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Public Art Appreciation

Published December 9, 2020

Written by Carly Rudd

Art is so expansive that we sometimes forget just how meaningful it can be to local communities. I have chosen three projects that remind me that art can be used to express oneself through creative and fun ideas AND draw attention to important work being completed locally.

Tennis Court by The Pothole Gardener.

The Pothole Gardener is a collective of artists who work together to create eye-catching installations that draw attention to a local issue, potholes. Each miniature installation is different depending on the potholes’ location, but are connected through style and the inclusion of live plants. For example, one piece that stuck out to me was a miniature version of a tennis court installed next to an actual tennis court. The Pothole Gardener decided to mimic what surrounded the pothole by recreating the court in miniature. They had some fun with it by filming the process of making the small court and pretending to mow its’ lawn, watering the court, and recording live animals, such as squirrels, interacting with it. The Pothole Gardener creates out-of-the-box pieces, and their artwork helps the community draw attention to road quality, all with a sense of humor. I like this project because it is interesting, fun, and meaningful all in one!

Nipa Eason’s Southern Magnolias.

The Knight Creative Communities Institute (KCCI) brings together a diverse group of catalysts from the Tallahassee Community to organize local beautification and public art projects to increase awareness of public and private businesses and enhance Tallahassee’s economic mobility. Artists like Nipa Eason, a traditional and digital art creator, have the opportunity to participate in KCCI projects like “Art of the Box,” in which artists applied to transform traffic control boxes into works of public art. To bring “Art of the Box” to life, KCCI teamed up with the City of Tallahassee to bring beauty and color art to our everyday life. Eason’s piece caught my eye with its bright colors and luminous flowers. Not only is it peaceful to the eye, but it is also soothing to the mind. Her vibrant artwork on an ordinary traffic control box reminds people that art is all around us and that it can create a sense of place and brighten your mood. Awe-inspiring projects like these both refresh and improve our community.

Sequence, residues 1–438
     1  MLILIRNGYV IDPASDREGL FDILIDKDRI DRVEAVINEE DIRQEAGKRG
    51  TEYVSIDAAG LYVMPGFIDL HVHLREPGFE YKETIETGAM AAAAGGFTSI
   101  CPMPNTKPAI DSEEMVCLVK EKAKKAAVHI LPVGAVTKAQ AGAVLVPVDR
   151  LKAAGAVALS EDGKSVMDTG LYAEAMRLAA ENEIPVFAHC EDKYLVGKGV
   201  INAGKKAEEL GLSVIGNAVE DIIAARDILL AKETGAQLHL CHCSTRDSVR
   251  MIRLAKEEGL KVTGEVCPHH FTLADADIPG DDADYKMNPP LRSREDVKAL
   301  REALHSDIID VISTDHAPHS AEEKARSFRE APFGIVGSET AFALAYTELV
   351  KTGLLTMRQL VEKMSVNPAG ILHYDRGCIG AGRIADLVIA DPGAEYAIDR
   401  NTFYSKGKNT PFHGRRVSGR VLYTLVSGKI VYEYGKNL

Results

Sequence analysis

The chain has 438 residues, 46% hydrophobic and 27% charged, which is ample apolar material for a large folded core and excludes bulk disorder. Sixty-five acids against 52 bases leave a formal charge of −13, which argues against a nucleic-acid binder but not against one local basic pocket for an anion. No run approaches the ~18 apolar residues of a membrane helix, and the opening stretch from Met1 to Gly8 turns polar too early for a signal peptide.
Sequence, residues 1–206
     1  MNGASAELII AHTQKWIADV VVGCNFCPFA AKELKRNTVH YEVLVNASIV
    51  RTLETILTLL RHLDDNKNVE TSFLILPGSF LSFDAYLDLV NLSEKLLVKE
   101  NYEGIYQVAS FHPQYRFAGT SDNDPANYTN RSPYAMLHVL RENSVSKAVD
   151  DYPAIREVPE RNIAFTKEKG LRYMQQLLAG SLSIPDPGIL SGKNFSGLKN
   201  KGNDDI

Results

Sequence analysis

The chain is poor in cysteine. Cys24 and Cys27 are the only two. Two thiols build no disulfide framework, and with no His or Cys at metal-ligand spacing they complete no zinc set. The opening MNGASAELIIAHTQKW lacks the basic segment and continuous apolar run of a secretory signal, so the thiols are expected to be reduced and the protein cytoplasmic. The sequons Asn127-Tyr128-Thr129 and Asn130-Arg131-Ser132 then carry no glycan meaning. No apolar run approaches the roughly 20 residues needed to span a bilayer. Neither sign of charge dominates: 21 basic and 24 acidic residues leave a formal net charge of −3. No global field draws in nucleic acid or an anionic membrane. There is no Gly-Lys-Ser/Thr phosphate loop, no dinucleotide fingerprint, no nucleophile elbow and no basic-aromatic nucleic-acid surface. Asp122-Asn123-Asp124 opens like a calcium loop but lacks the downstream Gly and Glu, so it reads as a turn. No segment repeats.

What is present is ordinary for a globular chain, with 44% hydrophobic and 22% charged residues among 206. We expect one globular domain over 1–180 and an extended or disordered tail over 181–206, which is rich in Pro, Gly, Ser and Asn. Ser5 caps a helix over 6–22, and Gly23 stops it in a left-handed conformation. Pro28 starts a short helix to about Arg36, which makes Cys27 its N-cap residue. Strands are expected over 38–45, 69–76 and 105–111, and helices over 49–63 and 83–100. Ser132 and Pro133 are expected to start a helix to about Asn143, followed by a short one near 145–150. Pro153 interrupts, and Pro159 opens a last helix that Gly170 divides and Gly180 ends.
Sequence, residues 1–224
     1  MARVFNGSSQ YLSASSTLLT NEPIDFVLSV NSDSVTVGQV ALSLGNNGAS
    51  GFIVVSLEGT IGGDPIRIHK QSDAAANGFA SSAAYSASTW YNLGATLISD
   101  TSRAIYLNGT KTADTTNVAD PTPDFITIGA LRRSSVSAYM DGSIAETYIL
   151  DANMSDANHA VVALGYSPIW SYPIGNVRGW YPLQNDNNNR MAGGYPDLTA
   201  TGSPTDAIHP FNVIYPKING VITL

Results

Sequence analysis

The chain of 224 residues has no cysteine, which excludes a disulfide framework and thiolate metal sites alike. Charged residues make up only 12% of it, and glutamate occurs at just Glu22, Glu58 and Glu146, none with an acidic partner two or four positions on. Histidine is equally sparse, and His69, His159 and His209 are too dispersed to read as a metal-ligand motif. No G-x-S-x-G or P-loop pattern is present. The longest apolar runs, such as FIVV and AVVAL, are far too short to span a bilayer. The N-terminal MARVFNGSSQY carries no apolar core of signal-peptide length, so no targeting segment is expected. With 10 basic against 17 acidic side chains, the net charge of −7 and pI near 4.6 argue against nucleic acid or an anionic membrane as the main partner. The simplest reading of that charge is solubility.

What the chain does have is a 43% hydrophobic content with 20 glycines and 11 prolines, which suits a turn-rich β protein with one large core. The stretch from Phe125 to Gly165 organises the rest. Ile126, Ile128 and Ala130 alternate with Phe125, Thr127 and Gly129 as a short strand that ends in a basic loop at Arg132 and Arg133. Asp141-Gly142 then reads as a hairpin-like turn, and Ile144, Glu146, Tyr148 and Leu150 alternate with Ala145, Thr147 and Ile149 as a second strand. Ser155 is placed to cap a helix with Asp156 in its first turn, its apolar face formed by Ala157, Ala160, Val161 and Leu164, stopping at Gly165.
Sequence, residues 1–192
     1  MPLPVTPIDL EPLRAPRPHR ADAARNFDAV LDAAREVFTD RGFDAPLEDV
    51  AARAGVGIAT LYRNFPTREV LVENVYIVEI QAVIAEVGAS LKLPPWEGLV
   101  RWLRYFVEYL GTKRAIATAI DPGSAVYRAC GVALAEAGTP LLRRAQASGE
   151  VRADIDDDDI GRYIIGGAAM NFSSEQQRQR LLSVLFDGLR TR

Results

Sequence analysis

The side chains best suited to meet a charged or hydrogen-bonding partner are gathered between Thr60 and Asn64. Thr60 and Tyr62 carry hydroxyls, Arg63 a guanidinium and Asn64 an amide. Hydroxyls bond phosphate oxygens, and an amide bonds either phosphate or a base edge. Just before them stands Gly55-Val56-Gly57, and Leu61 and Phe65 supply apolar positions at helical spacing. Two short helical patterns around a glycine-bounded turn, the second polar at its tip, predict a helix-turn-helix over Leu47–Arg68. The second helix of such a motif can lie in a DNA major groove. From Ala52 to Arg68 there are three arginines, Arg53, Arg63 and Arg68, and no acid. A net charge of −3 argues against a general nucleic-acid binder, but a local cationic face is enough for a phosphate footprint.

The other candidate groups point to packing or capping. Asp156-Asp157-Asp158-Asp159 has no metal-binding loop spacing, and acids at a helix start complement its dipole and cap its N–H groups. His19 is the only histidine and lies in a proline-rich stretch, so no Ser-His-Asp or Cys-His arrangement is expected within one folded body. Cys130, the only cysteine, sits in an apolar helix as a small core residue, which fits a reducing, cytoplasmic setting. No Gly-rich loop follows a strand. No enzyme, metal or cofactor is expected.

Voice of Trees – Tallahassee.

Tallahassee’s Council on Culture & Arts (COCA) is dedicated to supporting projects that benefit the community and inspire creativity. One of their more recent projects utilizes technology, poetry, and sound to create a unique experience in Cascades Park. Voice of Trees – Tallahassee uses an app that connects different locations at the park to different poetry readings from various authors. COCA partnered up with 100 Thousand Poets for Change and the City of Tallahassee Parks, Recreation & Neighborhood Affairs Department to bring Giovanna Iorio’s concept to Tallahassee. Each poem is different and exists as a way for people in the community to take a breather, relax, and appreciate nature. One poem that spoke to me was Virgil Suárez’s Cascades Park. The poem went into detail about the feeling one gets when exploring Cascades. When I read it, I envisioned the park in all its beauty without leaving my home, reminding me that I am a part of the park, a part of the community, and more broadly, our beautiful Earth. Projects like these can move mountains inside a person, and that is precisely what Suárez’s poem did to me. Voice of Trees – Tallahassee combines our natural resources with the community and reminds us just how precious they are. Click here to download the free Echoes app featuring the Voice of Trees – Tallahassee sound walk.

Carly Rudd is an interdisciplinary social science major with a concentration in history. She is set to graduate in the fall of 2020 from Florida State University with a bachelor’s degree in social science. This semester, Carly was a remote intern at MoFA, gaining knowledge about the art and museum world. After graduating, Carly plans on continuing her work in the field by pursuing a museum position.